There’s bit of a way to go yet, basically all I’ve done so far is write the login/logout script, but I’m now getting a feel for how much work it will be to re-write. So far, Django certainly seems a much more suited to rapid development than PHP frameworks I’ve looked at in the past. As yet, I’m unsure what changes I may make to the db/model structure, and so how to transfer any existing data (especially the users) from the current app to the Django mQuiz db, though I’m sure this will become clearer once I learn more.

As a byproduct of this, I realised that the mQuiz web design was looking a bit tired, so I’ve given it a minor facelift, with a new stylesheet, although only the main site, not the mobile version (yet).

HEAT Mobile demo app on Google Play

For info I’ve just published the HEAT demo app up on Google Play for anyone who is interested in having a look.

Couple of notes…

  • This is a work in progress so not everything may work as expected. Any feedback is welcome.
  • To initially log in to the app, you’ll need to create an account on mQuiz. This is because any responses to the self assessment exercises are sent (if you are online) to be stored on mQuiz.
  • The embedded videos won’t be available, the videos aren’t included in the app on Google Play, they’re stored separately on the phone SD card (to keep the apk file size down). Please contact me if you’d like details about the videos we’re using.

OpenLearn content on mobiles

Here is a brief overview of how I created the Android application with the HEAT content. It is very much a demo/prototype application, so I’m sure there are many other ways this could be done (maybe in a more generic approach).

I used the plain zip download format of the HEAT modules (eg: – which essentially provides a set of static webpages of all the module content. I noticed a couple of issues with these downloads, for example some had incorrect references to images, and the contents page wasn’t in quite the right order, but no big problems.

I then used the PhoneGap framework to turn this content into an Android application, just applying a revised stylesheet and adding a new header/footer for navigation. Initially I tried working with a whole HEAT module, but we found there was just too much text for anyone to be able to read comfortably, so we cut the content down to just the essential parts (introduction, learning outcomes, summary and SAQs). This was the part that probably took the most time, since it was a manual process to refactor the content in this way.

I’m sure there are ways this could be done in a more generic and less-manual way, perhaps using the OU XML to generate only these specific sections, but I suspect that we will always want to edit the content slightly for mobile devices, especially since we’ll be adding videos and perhaps some audio content too. Using the PhoneGap framework means that we should easily be able to transfer this application over to iPad/Blackberry/Windows Mobile applications with very little effort.

For embedding the videos, I used a PhoneGap extension to allow the embedding of local video content. The videos we’re testing out are from the Global Health Media Project, and are stored on the phone/tablet local SD card. We could include the videos directly in the Android apk package, but this is likely to make the apk quite large, plus we’ve not yet finalised which videos we’d like to embed.

The final part to all this is the interactive self assessment exercises. This is using a web app I have been developing over the last few weeks (mQuiz) and is designed to allow quizzes to be run offline. The quiz can be created then stored as a JSON object and a javascript library is then used to display the quiz to the user. If the user has an active internet connection then their responses are sent back to the mQuiz server, if they are working offline their responses are kept until a connection is available.

So we now have an Android application which can be run completely offline, with all the content, videos and quizzes pre-loaded onto the phone.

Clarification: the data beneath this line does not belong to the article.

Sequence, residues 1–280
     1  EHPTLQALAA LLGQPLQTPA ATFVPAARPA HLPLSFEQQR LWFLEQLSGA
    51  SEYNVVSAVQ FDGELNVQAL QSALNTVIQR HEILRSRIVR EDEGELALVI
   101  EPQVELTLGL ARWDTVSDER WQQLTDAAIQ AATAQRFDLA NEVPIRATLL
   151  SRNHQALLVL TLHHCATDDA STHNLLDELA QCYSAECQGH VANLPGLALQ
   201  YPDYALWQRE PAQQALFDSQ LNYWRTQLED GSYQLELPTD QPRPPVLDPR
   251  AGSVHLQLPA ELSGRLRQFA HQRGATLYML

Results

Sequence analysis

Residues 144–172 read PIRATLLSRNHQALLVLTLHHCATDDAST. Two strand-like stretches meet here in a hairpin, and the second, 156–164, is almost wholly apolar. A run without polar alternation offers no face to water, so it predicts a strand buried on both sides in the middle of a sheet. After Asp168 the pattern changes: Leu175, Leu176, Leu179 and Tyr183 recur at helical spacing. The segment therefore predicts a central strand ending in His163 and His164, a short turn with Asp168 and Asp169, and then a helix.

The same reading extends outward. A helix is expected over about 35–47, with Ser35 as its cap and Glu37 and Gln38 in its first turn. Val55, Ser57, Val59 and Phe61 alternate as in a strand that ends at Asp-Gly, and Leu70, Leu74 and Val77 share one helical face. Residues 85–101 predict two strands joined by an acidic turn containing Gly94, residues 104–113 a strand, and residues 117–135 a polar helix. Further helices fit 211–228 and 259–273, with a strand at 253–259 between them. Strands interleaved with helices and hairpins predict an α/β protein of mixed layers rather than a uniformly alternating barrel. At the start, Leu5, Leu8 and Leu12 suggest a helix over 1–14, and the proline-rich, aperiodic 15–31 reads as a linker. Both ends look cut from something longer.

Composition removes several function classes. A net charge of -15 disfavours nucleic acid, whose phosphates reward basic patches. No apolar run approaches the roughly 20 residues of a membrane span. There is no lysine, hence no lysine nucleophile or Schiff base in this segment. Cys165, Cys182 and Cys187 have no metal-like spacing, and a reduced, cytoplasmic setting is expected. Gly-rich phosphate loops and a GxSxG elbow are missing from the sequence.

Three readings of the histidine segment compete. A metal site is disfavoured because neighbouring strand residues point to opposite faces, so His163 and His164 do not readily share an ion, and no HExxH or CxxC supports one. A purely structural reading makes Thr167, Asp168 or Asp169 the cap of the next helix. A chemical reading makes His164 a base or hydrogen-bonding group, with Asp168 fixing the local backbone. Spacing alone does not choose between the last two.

All of this is a work in progress, the code is up at: I’m sure there are areas where improvements to this could be made – any suggestions welcome.

Embedding mQuiz

Have just added some new functionality to mQuiz so you are able to embed a quiz on your webpage. Here’s an example:

After you’ve created your quiz, you’ll see the option to get the embed code for putting on your website – I’m thinking about the best place to provide the embed code for all users to see/access (currently only the original quiz author sees the embed code).

To be able to take the embedded quiz users do not need an account on mQuiz, so all results are stored (and listed in the analysis pages) as being from a ‘Guest user’, unless you already happen to be logged into mQuiz. I’m now working out how to allow people to create an account at the end of the quiz to store their results against their own account.

Any feedback/comments appreciated…

[For info: the ‘Magnetic Mayhem’ quiz above has been taken from OpenLearn:]

HEAT content on smartphone and tablet

Here’s an updated video showing the OU HEAT content running on an Android smartphone and tablet showing embedded video content (videos stored locally on the device) and interactive self assessment exercises:

The video we’ve embedded is from the Global Health Media Project

Mobile training course content and quizzes

Posting from Digital Campus blog:

We’ve recently been looking at how we can embed some of the Open University HEAT training content (for HEWs in Ethiopia) onto mobile phones and have these integrated alongside interactive self assessment questions (SAQs).

We restricted the content to just putting the introduction, learning outcomes, summary and SAQ for each of the study sections, otherwise there is far too much text content for users to comfortably read on screen – so this is designed to supplement (rather than replace) their existing course manuals.

The quizzes can be taken anytime, whether they have an internet (GRPS) connection or not, and results are submitted back to the mQuiz server (or stored for later upload if no connection is currently available). All the content and quizzes are stored directly on the phone. Users need an internet connection to initially log in, but once logged in they won’t need to re-enter their details (unless they log out or change their password).

Their SAQ results are stored on the phone, along with a ranking for how they have performed against others who have taken this assessment exercise.

Here is a quick demo video of this running on my mobile:

The next steps are to test embedding video and audio content.

New mQuiz demo video

I’ve just uploaded a new video to demonstrate the changes I’ve been making recently to mQuiz:

In addition to using either your smartphone or standard web browser, I’ve also updated the mQuiz Android client, which can now be found at:

Any feedback welcome.